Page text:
February 5, 1993
The Schaefer administration has come up with a relatively painless and sensible way to finance the much-needed expansion of the Baltimore Convention Center without increasing the state's overall debt load. It demonstrates once again why this proposal is such a winner for the state.To accommodate the state's $100 million share of the convention center expansion within Annapolis' debt affordability limit of $350 million, officials had to shift a key airport project to another account, seek approval to revamp the way counties float bonds for their highway projects, refinance old transportation bond issues at lower interest rates, and cut some $35 million out of the capital budget submitted by the governor last month.
January 7, 1993
Now that Gov. William Donald Schaefer has made a conciliatory gesture, it is time for Mayor Kurt L. Schmoke to reciprocate by lining up solidly behind a proposal to double the size of the Baltimore Convention Center. Otherwise, the city could lose millions of dollars each year in desperately needed tax revenue as conventioneers take their business elsewhere. Expanding the facility has become an economic necessity.In the past three years, 33 groups have opted not to come to Baltimore because there's: 1)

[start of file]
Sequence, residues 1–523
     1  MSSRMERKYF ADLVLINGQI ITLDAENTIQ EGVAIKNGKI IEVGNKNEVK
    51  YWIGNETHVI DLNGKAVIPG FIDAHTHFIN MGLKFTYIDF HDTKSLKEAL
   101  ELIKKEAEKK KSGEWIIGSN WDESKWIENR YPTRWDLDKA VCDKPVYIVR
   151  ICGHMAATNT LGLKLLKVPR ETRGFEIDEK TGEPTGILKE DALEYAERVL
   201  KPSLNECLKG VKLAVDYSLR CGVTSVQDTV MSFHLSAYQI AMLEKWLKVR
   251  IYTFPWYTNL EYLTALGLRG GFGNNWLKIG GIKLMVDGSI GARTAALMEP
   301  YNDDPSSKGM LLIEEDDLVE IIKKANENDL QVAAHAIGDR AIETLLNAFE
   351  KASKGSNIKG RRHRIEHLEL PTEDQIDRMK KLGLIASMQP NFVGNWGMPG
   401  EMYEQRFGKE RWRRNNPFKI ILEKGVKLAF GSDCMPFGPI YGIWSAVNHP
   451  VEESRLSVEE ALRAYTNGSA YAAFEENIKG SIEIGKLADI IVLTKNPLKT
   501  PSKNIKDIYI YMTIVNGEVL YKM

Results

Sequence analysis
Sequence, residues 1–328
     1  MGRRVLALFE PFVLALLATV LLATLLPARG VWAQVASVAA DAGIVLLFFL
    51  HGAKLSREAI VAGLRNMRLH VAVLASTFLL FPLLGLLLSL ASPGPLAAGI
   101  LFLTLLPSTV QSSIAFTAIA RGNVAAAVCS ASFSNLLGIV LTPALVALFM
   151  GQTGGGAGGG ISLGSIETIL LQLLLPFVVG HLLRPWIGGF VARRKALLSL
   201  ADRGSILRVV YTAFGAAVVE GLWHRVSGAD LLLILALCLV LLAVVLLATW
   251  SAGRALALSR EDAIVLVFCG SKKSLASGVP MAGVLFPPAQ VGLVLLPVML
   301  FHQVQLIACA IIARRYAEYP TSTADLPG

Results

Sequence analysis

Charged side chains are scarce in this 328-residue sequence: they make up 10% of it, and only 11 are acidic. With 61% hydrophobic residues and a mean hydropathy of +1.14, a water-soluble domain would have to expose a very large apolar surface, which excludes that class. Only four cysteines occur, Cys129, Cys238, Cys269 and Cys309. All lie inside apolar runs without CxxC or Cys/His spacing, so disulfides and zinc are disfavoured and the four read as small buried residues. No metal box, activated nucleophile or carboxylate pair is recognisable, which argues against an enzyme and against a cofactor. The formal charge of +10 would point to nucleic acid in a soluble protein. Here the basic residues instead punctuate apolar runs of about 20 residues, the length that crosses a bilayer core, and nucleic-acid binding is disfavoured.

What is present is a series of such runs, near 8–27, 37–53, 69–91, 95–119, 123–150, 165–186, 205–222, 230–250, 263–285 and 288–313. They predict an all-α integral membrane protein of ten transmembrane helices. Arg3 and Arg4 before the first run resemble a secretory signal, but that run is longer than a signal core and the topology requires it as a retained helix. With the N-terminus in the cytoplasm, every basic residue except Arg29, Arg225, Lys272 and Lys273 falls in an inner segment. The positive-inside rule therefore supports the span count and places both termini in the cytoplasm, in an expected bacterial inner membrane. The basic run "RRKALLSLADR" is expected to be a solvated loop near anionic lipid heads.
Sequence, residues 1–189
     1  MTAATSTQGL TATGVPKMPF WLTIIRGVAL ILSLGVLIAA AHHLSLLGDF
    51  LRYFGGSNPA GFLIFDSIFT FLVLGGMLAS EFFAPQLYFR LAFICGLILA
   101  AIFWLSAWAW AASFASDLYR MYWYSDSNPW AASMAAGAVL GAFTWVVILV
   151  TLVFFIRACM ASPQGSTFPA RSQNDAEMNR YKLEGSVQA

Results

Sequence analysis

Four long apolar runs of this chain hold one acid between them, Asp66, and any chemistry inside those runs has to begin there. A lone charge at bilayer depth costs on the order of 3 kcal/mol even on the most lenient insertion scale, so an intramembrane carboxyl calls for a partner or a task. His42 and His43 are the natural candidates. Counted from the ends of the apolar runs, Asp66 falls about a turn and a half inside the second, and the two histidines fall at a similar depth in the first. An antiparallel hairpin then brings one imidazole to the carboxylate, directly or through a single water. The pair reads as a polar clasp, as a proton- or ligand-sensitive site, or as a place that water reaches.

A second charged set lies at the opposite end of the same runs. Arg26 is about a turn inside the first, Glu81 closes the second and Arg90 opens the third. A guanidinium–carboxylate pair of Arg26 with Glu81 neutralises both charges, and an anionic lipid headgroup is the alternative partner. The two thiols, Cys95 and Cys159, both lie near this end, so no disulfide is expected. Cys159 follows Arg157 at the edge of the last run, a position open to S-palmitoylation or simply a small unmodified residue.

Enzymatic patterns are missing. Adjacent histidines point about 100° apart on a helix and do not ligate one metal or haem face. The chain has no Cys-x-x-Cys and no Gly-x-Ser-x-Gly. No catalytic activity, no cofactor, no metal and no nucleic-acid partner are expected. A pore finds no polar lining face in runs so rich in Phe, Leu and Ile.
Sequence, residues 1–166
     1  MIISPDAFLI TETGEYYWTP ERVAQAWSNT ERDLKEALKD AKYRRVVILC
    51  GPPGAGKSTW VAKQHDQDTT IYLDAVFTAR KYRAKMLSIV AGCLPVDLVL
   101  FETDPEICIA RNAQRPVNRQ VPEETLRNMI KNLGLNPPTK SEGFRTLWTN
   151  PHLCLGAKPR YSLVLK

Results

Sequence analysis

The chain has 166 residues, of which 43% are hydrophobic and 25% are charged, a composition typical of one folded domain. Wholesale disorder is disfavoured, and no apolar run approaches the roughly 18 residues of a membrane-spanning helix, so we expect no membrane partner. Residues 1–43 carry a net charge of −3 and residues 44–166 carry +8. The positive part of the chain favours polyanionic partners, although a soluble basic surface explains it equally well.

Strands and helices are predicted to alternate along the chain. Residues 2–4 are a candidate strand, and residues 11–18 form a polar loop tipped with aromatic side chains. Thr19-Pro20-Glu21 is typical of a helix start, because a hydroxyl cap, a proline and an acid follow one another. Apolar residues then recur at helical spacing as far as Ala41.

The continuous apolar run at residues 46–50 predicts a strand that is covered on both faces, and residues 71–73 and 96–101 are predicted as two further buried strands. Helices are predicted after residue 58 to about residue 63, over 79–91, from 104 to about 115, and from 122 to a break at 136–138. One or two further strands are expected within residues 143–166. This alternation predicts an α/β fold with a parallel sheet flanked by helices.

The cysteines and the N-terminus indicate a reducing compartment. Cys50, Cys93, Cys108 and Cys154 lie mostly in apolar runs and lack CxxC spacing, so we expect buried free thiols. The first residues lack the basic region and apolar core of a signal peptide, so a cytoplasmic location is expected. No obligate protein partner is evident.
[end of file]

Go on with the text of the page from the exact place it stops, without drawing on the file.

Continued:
March 25, 1991
Unless the Baltimore Convention Center is dramatically enlarged, it stands little chance of gaining new business, or repeat business, later in this decade. Yet the Maryland General Assembly refuses to accept this conclusion, instead lamely asserting that the facility is fine just the way it is.Perhaps lawmakers ought to spend time talking with officials from groups that once frequented the convention center who now say the facility no longer meets its exhibition space demands. Or perhaps lawmakers should talk to groups that won't even consider Baltimore as a convention site because there's not enough meeting room.
December 11, 1990
Would-be tourists might opt to stay home and sip lemonade on their back porches. Businesses might cut travel budgets.But economic hard times are not expected to discourage the convention and trade show business.So a panel appointed by the governor earlier this year has recommended that the state proceed with plans to double the size of Baltimore's 11-year-old convention center.In many industries, businesses rely on trade shows and conventions to make contacts and peddle their wares, said Robert Hillman, who headed the Baltimore Convention Center Authority.